When 2001 came along Halle was up for an Academy Award for “Monster’s Ball.” USA Weekend asked me to shoot a cover of her. It was going to take place at a photo production studio in New York City. I got the crew together including a hair dresser, makeup artist and stylist. The clothing was quite elegant.. Right on time Halle walks in with her agent, who turns out to be a tough little cookie. When I greeted her she looked at me as if she wasn’t sure about something. I said, “You don’t remember me, do you? We did a shoot for Elle magazine.” She didn’t remember. I spoke again. “We were supposed to have dinner 10 years ago.” She still didn’t remember. But nonetheless, she was very cordial. Her agent soon asked, “How long is this shoot going to take?” He had reason for concern. After all, Halle was a big star now. The agent didn’t want anybody at the shoot who didn’t have to be there. He was very protective. The shoot would last from 10 a.m. to 5 p.m. I shot her with different lighting and backgrounds. I used some flower vases and used some Old Time Hollywood lighting techniques along with some of her against a wall with a sexy dress. One of the outfits was a white dress with some lilies to put in a vase next to her. Another shot included a jacket and pantsuit that was eventually used for the cover. She was an excellent model. She took directions very well. She was very sweet but I was still disappointed that she didn’t remember me. A photo from that day was eventually used on the cover, even though it wasn’t my favorite. They didn’t use the one I liked the most. Soon after that she won the Academy Award for her role of Leticia Musgrove.
A week later I was interviewed by USA Weekend about the recent shoot I had done with her. It was the last shooting she did before winning the award. They explained that this was the second time I had shot an actress just before she won an Academy Award. There was the shoot I had done with Cher in 1988 just before she won Best Actress for the movie “Moonstruck.” After Cher won she wouldn’t shoot with anyone else, she would refer magazines to use photos of the shooting we had done previously. Those photos made me $30,000. USA Weekend wrote a little column saying that I must be a lucky charm because Halle did a shoot with me prior to winning an Academy Award, just like with Cher.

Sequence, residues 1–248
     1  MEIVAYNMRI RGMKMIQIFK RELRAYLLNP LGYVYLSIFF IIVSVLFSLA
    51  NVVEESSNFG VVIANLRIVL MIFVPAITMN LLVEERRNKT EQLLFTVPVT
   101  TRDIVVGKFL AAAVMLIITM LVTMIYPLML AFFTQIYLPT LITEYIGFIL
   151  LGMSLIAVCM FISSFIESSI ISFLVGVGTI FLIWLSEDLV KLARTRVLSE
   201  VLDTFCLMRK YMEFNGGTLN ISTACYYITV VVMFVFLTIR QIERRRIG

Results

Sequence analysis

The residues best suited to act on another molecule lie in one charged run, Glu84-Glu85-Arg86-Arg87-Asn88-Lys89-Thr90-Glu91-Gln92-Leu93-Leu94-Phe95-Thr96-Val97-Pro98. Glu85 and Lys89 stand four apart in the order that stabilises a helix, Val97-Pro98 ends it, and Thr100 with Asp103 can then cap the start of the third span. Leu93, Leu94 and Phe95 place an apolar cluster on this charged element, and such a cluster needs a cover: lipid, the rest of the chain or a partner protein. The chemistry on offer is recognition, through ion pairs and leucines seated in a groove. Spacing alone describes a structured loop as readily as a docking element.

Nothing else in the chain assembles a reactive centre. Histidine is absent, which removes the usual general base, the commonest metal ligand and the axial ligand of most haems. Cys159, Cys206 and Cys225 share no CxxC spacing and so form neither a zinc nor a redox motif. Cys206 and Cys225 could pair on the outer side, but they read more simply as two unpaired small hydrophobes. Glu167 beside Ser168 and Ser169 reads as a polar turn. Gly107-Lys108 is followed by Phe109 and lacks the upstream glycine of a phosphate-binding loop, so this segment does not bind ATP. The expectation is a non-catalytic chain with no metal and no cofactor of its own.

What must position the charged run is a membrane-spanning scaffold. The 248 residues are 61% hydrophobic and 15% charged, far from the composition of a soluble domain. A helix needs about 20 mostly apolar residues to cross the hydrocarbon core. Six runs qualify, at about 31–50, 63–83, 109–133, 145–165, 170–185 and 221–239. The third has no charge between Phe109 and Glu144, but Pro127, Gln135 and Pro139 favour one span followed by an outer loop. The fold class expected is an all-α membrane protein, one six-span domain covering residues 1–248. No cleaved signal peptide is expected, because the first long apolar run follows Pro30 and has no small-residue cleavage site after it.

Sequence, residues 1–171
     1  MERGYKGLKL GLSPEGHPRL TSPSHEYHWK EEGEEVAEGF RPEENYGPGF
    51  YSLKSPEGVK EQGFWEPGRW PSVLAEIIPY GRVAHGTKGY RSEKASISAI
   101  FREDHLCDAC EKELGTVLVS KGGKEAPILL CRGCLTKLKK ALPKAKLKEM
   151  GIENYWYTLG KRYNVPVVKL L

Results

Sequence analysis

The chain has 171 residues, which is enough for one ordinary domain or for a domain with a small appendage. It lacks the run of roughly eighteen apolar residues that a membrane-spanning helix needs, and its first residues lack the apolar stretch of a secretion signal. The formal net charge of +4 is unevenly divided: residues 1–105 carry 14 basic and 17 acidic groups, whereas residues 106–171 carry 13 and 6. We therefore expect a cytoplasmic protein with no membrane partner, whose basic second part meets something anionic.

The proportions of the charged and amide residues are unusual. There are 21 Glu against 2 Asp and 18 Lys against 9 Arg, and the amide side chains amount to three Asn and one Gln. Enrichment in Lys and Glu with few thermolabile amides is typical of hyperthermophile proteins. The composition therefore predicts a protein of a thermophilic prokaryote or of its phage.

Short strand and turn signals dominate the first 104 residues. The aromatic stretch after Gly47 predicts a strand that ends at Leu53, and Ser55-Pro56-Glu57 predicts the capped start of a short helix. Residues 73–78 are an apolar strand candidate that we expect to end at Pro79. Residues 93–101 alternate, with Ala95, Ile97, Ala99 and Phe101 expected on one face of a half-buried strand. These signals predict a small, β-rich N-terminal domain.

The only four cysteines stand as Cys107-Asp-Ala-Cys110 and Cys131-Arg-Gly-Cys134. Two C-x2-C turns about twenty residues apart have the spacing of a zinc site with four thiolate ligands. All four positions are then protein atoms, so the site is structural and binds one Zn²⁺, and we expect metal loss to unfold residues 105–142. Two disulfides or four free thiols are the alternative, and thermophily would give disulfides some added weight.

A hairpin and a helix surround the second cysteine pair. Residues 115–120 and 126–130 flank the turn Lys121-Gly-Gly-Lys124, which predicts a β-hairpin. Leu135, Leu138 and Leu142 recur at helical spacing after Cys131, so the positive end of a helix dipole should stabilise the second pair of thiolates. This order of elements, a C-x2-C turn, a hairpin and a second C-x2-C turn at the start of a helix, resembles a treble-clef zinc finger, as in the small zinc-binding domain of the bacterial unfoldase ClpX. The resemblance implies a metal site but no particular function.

I went on to sell Halle’s photographs and they brought me about $25,000. They were glamorous and sexy and they were used by magazines all over the world. She is so photogenic and moves so well. She has this charismatic look about her when she’s having her picture taken. When “Lakawanna Blues” came out in 2005, I was invited to a premier screening in New York by some producers who had used some photographs I had taken of my parents in their film. I was sitting in the audience when Halle walked down the aisle. She noticed me, walked over and said “Oh, hi Tony.” I thought, “Oh, now she remembers me. I can’t believe it.” She gave me a smile. There was an after party that same night and the place was full of stars, including Halle. She came over to me and began talking to me again. My heart just dropped. She remembered me.
One day with Cher
It was November 1987. Location: Los Angeles Published: The New York Times Magazine.